Executive MBA students traveled to South Africa in March to study the region’s booming wine industry. They visited Cape Town, Johannesburg and Gaborone to gather findings to support their international business opportunity projects.
In Cape Town, students enjoyed a cable car ride to the top of Table Mountain and a ferry boat across the harbor to tour the Robben Island prison where former South African President Nelson Mandela was incarcerated. As part of their final projects, students visited a number of wineries including DonValley, VinPro, KWV, Kanonkop, Fairview and Vergenoegd. Their visit concluded with briefings by industry, economic and academic leaders.
In Johannesburg, the class was briefed by the U.S. Consulate General’s Office. During a tour of the township of Soweto, students befriended local merchants and offered pro bono business advice. They visited an NGO called Izanokhanyo, a community-based project helping children in need, and presented ideas on how to make the organization more profitable. A highlight of the trip was a safari in Pilanesberg National Park, where students got up close and personal with elephants, rhinoceroses, gnus, hippos, lions, buffalos and other exotic animals.
Students traveled to Gaborone, the capital of Botswana, for the last leg of the journey where they attended a reception by the U.S. Embassy with Ambassador Earl R. Miller. Students from MIT, government representatives, entrepreneurs and local business leaders also attended the reception. Business meetings included a briefing by diamond company DeBeers, and a visit to a Botswana innovation hub.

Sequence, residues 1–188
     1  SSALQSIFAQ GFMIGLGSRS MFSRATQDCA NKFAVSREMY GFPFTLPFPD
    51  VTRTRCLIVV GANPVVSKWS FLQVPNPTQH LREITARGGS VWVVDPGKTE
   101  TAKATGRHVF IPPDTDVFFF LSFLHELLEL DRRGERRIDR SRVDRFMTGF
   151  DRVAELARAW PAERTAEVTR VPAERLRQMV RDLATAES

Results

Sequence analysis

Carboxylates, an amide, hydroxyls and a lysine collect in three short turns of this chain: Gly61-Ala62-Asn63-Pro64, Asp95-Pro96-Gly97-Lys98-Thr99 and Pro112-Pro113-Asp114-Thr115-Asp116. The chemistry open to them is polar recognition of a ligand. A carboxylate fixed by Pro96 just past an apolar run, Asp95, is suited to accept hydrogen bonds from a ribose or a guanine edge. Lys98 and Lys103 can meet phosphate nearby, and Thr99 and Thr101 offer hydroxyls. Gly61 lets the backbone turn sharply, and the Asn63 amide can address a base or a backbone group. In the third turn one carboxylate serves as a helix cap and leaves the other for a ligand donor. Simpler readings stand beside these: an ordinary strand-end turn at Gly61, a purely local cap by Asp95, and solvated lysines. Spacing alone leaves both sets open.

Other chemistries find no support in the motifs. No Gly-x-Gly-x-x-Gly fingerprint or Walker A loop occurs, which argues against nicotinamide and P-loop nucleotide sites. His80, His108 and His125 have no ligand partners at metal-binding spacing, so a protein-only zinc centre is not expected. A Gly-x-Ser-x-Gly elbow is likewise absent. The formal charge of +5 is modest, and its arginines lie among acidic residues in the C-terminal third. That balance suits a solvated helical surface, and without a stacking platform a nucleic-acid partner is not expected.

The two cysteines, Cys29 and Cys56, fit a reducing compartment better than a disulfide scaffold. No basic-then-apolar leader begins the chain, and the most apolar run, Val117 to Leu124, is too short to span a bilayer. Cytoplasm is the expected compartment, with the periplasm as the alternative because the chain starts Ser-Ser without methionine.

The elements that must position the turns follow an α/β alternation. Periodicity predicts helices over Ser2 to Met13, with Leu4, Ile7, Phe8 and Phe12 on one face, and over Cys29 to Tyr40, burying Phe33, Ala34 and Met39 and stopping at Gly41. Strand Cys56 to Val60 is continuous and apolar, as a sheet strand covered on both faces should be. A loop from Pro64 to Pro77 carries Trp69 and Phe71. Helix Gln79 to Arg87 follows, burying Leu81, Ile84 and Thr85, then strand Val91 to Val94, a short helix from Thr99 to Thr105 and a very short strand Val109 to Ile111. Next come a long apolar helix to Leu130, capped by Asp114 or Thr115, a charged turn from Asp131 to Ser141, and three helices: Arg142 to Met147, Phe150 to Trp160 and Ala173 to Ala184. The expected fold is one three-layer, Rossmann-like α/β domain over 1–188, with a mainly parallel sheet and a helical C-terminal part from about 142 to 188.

After returning to Los Angeles, student teams incorporated their findings into business plans, and briefed a panel of wine industry experts in a mock investment pitch.
“This was probably our best international trip yet,” said EMBA Director Richard Stafford. “We were treated to some very good presentations by government, business and local organizations. And our students ended up by turning in some very impressive business plans for their wine industry projects.”